In the previous version of this test, I didn't use manual focus, and the MTF numbers were falsely skewed because of that. I tried the same test with a Canon 18-135 zoom, and voila, same results. Lockup makes no difference. It will seem to do so if image stablization isn't deactivated, as mirror slap indeed makes the camera think it's vibrating, so it overcompensates. Lesson here: turn off IS (or VR in the Nikon world) when using a tripod.

    This was a worthwhile experiment, and taught me a couple things: 1) that if your camera has mirror lockup, run a test like this to establish whether or not your camera/lens combination needs mirror lockup, and 2) that the legendary Canon 50mm prime lens is as sharp as everyone says it is... and they're cheap to buy at just over 100 clams.

    If you need help figuring out how to enable this feature on your DSLR (or if it even has it), try asking the Google gods, or just refer to your camera's user manual. This entire excercise is moot if you own a mirrorless camera; there's no mechanical moving parts that could potentially vibrate the camera body.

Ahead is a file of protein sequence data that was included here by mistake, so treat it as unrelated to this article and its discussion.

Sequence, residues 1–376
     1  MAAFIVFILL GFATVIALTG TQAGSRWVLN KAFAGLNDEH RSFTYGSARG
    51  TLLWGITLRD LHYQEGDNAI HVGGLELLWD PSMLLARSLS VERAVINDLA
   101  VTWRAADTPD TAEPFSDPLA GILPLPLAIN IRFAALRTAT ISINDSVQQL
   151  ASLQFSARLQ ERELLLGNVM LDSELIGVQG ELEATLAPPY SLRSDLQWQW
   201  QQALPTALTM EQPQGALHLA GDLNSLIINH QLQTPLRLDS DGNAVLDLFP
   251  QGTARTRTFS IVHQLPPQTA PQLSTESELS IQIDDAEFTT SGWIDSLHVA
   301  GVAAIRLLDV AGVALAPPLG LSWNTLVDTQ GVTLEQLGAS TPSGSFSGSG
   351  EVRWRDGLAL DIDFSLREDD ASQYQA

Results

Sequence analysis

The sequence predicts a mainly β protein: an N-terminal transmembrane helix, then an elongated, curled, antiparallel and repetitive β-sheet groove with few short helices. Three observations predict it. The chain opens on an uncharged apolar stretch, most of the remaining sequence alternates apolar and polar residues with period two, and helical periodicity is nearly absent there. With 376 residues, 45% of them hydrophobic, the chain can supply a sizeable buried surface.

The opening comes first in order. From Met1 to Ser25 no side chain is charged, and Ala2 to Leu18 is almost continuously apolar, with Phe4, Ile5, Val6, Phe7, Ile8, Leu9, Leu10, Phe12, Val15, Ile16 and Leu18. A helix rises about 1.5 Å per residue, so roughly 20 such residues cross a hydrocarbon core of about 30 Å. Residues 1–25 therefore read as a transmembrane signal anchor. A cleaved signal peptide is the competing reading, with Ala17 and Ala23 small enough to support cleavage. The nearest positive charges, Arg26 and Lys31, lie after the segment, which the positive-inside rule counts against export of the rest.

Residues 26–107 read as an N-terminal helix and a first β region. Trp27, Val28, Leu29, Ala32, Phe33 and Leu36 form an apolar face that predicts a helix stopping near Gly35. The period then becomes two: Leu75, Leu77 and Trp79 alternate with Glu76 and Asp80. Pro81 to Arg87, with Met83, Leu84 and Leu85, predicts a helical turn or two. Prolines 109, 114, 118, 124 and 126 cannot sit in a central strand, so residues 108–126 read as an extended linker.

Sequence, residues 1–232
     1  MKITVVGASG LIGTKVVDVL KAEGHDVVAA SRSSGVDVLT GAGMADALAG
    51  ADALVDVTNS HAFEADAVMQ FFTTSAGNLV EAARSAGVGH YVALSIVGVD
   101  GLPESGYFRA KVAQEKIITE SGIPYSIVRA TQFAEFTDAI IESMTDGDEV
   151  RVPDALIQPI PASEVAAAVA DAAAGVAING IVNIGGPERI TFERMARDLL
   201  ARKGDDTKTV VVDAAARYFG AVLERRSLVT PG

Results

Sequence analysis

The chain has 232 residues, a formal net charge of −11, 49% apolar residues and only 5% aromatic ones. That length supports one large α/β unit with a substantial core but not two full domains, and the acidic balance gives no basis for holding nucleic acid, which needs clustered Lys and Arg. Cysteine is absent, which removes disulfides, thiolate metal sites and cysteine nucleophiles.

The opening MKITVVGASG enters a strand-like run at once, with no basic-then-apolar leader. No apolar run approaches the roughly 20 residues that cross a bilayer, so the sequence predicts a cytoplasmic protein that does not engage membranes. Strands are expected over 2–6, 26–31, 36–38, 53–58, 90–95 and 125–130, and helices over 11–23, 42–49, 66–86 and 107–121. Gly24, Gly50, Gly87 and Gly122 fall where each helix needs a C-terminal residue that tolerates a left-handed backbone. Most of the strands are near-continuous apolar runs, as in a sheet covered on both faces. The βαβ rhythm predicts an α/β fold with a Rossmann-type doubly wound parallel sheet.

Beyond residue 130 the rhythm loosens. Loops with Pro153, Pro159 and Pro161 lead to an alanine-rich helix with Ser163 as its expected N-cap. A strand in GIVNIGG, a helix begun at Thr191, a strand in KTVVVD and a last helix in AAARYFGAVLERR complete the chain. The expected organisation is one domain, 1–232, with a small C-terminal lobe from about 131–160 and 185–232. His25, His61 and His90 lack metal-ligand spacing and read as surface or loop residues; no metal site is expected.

Conclusion
    My initial bias towards using lockup kept me from employing a more stringent and thorough approach to this little test. I played around with comparing MTF sharpness numbers between the 50mm lens, and an 18-135 Canon zoom, thinking that perhaps the larger lens's bulk/inertia would somehow dampen the mirror slap. Not so. My mistake in the previous version of this test was not using manual focus, so essentially we weren't comparing apples to apples. With the exact same focusing for each image, the difference between using lockup and NOT using it is negligible. The focusing micro-adjustments between each shot when employing autofocus skewed the results.